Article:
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I Didn’t Leave My Heart in Beijing

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When we think of the future of Beijing, we must remember what it was in the past. When Marco Polo visited the capital in the thirteenth century, he described it as “so vast, so rich and so beautiful, that no man on earth could design anything superior to it.” By the time the Ming emperors had finished building the imperial city, Beijing was the grandest capital in the world.

But today few people, apart from the occasional Chinese official worried over press releases, would pronounce Beijing a beautiful city. Vast, yes. It’s a behemoth in almost every respect, which includes the scale of the pollutants it pumps into the air. Aesthetic beauty is no longer a concept with any relevance to the 22 million residents who routinely wade their way, gasping, through its leaden atmospheres. Beijing is technically unlivable, but that deters few of the citizens who make it their home. Nor are they dismayed by its many contradictions: the ugly high-rises circling around the dead, low-roofed Forbidden City, and the seven enormous ring roads winding around a traffic-choked city center.

The future of Beijing? That depends on the many currents running through the political seas of the country, and the world around it. Will it be the capital of the last communist country on earth? Will it be the capital of the wealthiest capitalist economy? Will some semblance of its former beauty return? Hard to prognosticate! What’s for sure is that for the next decade it must, if it is to keep its population, deal with its pollution—otherwise it will have to go underground or face becoming a vast ghost town as its people desert it for cleaner locals. The battlefield for Beijing’s health as a city is going to intensify.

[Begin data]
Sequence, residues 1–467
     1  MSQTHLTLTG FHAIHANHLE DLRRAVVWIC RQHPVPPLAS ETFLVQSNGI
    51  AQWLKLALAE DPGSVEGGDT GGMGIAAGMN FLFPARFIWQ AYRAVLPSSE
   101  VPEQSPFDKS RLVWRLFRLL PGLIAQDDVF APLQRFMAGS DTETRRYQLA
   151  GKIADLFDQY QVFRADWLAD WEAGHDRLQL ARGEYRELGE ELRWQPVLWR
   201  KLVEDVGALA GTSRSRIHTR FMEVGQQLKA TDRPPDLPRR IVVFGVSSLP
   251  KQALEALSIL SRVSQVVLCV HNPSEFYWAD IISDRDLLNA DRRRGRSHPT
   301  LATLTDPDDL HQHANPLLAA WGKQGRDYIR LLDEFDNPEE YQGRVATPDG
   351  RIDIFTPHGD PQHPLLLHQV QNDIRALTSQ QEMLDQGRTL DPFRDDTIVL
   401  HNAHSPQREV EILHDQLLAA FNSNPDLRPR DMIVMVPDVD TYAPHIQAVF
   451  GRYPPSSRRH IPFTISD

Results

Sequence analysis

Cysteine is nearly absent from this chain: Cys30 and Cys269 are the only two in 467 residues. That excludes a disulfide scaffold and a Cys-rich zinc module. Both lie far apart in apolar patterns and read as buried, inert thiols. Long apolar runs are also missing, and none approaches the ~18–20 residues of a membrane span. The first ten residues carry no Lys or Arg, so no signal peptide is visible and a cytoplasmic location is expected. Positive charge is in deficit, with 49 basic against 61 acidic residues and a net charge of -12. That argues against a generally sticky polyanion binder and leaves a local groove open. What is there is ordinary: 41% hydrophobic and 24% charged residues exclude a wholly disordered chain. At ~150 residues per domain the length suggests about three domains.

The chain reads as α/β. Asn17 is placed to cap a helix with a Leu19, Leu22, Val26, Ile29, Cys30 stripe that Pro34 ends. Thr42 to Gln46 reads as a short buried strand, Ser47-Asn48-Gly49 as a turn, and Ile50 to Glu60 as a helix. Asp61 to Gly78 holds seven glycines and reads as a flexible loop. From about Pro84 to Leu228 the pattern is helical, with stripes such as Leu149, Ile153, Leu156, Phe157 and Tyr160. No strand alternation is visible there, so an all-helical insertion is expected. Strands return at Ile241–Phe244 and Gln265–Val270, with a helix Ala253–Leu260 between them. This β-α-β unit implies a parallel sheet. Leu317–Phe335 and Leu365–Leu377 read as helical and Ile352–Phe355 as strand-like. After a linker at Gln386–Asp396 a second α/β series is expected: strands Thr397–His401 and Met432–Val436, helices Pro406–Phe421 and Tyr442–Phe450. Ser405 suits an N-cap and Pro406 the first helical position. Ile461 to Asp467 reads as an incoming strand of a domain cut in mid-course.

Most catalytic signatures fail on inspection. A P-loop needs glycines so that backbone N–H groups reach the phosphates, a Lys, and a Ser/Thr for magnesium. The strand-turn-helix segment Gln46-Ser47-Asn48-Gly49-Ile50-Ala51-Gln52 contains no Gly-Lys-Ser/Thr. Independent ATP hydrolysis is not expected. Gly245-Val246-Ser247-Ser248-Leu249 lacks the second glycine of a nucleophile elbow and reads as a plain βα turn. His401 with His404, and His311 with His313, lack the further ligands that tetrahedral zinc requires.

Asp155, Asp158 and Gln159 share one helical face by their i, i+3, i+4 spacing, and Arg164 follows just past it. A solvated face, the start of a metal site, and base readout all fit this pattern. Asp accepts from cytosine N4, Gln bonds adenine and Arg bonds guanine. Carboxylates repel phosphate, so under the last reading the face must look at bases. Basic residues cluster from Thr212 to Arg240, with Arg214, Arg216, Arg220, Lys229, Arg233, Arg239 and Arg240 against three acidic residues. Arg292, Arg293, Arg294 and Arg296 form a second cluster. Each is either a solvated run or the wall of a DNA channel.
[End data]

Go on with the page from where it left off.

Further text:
A five-year plan is urgently needed to improve the quality of life in Beijing: its water, soil, air, food, health and safety, as well citizens’ cultural life. The promotion of President Xi Jinping’s “Chinese Dream” will only have validity when residents of Beijing can walk in the fresh air without masking their faces. A city without faces. No, we don’t want to see that day. Unless it’s as a fashion statement.

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Novelist and film-maker Xiaolu Guo’s artistic career spans both China and the West. Her novels have been translated into more than twenty-six languages, and include A Concise Chinese-English Dictionary for Lovers (shortlisted for the Orange Prize for Fiction) and I Am China (longlisted for Bailey’s Women’s Fiction Prize ). In 2013 she was named one of Granta’s Best of Young British Novelists. She has also directed several award-winning films, including She, a Chinese (Golden Leopard Award at the Locarno Film Festival), UFO in Her Eyes (TIFF) and Once Upon a Time Proletarian (Venice Film Festival). Guo currently lives in London and Berlin and was a guest of the DAAD Artists in Residence in Berlin in 2012. Her novelistic memoir Once Upon a Time in the East (Grove Atlantic) will be out in 2017.

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